Attorney General Ford Announces First Meeting of COSSAP Grant Partners and Subaward Sites to Discuss Project Rollout

Aug. 31, 2022

 The grant, awarded by the Department of Justice, will provide resources to rural and frontier counties in Nevada

    Carson City, NV – Today, on International Overdose Awareness Day, the Office of the Attorney General, along with other partnered organizations and agencies, will meet for the first time to discuss the use of the $5.75 million Comprehensive Opioid, Stimulant and Substance Abuse Site-Based Program (COSSAP) grant announced earlier this year.  

    “This grant is extremely important to send the necessary aid to our state’s rural and frontier counties,” said AG Ford. “The opioid epidemic does not stop at county lines, and Nevadans must stand together to combat this problem and lift up those who have been impacted by it. This money will do real things for real people.”

      The grant funding, by the federal Department of Justice, will be used in seven sites Carson City, Churchill County, Douglas County, Lincoln County, Lyon County, Nye County and Storey County to address the drug problem in Nevada through Mobile Outreach Safety Teams (MOST) or Forensic Assessment Services Triage Teams (FASTT). MOST serves as a jail and hospital diversion program, while FASTT provides assessment and case management for high-risk individuals and those with mental health and other disorders.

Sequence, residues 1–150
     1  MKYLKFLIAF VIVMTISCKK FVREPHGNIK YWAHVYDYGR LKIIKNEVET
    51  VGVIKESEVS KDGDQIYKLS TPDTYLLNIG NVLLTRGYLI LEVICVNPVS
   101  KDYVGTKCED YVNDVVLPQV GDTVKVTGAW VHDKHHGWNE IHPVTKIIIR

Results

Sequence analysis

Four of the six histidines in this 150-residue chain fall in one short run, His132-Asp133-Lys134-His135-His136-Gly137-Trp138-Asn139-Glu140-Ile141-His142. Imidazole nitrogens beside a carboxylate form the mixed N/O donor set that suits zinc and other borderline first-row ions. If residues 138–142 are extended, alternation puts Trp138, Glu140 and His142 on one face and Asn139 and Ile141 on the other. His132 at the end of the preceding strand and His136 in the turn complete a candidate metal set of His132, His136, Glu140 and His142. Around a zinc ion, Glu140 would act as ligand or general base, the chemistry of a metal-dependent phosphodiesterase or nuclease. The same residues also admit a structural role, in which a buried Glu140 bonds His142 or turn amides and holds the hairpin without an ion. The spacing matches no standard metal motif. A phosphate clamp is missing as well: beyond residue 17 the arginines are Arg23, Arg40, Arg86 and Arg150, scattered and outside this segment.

The money will also go toward providing naloxone to law enforcement and other first responders around the state, as well toward drug take-back days to tackle drug and related mental health crisis situations.

        The grant is a collaboration between the Nevada Office of the Attorney General, the state Department of Health and Human Services, the Northern Regional Behavioral Health Coordinator and seven subaward sites. The subaward sites and their county locations are as follows:

        • Partnership Carson City (Carson City);
        • Churchill Community Coalition (Churchill County); 
        • Partnership Douglas County (Douglas County); 
        • Healthy Communities Coalition (Lyon County); 
        • Community Chest, Inc. (Storey County); and 
        • Nye Community Coalition (Nye and Lincoln Counties). 

          According to the state Department of Health and Human Services Office of Analytics, Nevada saw 484 overdose deaths in 2020, higher than the previous peak of 460 overdose deaths in 2011. The largest increase in overdose deaths was attributed to synthetic opioids — primarily fentanyl — at 246 of the 484 overdose deaths. The National Drug Hotline placed 28 states, including Nevada, on red alert during the COVID-19 pandemic due to increased calls into their hotline from residents of the states.

            Opioids are not the only drug issue plaguing Nevada. According to Nevada’s High Intensity Drug Trafficking Area’s (HIDTA) 2019 threat assessment, methamphetamine use is the number one drug problem in the Silver State.A 2020 HIDTA bulletin advised that “while methamphetamine continues to be a top drug threat to users in Nevada, fentanyl related overdoses are significantly increasing at an alarming rate.”

            The same HIDTA bulletin reported out of 768 total overdoses in Clark County in 2020, there was a 30% increase from 2019. There were 219 fentanyl related overdoses a 196% increase from data reported in 2019. In looking at overdoses solely involving fentanyl intoxication, Clark County saw a 254% increase between 2019 (26) and 2020 (92) data. Washoe County had 203 overdoses in 2020, a 21% increase from 2019 data, and saw a 12 % increase in fentanyl related overdoses between 2019 (23) and 2020 (52).